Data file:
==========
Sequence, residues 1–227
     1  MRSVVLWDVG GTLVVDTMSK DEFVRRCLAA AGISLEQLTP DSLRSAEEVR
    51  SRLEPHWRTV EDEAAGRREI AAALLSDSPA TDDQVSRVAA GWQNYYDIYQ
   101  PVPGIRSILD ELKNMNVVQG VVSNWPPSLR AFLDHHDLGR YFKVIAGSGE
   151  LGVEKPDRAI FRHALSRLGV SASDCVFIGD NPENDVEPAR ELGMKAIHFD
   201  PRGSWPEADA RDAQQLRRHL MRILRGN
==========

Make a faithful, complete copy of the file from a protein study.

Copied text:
Sequence, residues 1–227
     1  MRSVVLWDVG GTLVVDTMSK DEFVRRCLAA AGISLEQLTP DSLRSAEEVR
    51  SRLEPHWRTV EDEAAGRREI AAALLSDSPA TDDQVSRVAA GWQNYYDIYQ
   101  PVPGIRSILD ELKNMNVVQG VVSNWPPSLR AFLDHHDLGR YFKVIAGSGE
   151  LGVEKPDRAI FRHALSRLGV SASDCVFIGD NPENDVEPAR ELGMKAIHFD
   201  PRGSWPEADA RDAQQLRRHL MRILRGN